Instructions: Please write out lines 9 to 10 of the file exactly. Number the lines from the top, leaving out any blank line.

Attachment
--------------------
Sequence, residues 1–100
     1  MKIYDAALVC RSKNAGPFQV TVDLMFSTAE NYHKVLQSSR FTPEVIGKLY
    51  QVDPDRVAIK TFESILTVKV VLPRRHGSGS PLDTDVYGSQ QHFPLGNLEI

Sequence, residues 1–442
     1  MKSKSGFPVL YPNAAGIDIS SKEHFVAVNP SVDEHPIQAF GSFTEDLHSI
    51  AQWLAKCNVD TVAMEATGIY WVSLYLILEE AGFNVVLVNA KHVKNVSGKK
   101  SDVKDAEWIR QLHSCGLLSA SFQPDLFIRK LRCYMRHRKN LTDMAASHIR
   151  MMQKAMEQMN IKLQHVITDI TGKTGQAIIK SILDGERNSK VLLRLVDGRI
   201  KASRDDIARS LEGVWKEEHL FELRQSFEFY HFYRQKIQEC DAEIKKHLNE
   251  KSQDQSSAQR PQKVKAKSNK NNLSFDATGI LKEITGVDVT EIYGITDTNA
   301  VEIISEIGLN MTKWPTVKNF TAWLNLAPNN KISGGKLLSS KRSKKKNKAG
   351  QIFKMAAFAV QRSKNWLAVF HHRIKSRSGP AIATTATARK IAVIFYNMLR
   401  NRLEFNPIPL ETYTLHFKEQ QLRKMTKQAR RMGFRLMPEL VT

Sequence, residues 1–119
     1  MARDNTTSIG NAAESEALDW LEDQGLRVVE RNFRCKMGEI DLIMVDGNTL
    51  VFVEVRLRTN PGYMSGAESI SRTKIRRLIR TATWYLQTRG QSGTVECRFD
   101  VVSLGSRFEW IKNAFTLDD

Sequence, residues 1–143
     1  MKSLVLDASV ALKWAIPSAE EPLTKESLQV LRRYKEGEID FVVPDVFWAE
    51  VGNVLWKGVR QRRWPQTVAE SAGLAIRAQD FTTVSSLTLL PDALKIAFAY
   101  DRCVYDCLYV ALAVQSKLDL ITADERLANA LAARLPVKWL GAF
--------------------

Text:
   201  KASRDDIARS LEGVWKEEHL FELRQSFEFY HFYRQKIQEC DAEIKKHLNE
   251  KSQDQSSAQR PQKVKAKSNK NNLSFDATGI LKEITGVDVT EIYGITDTNA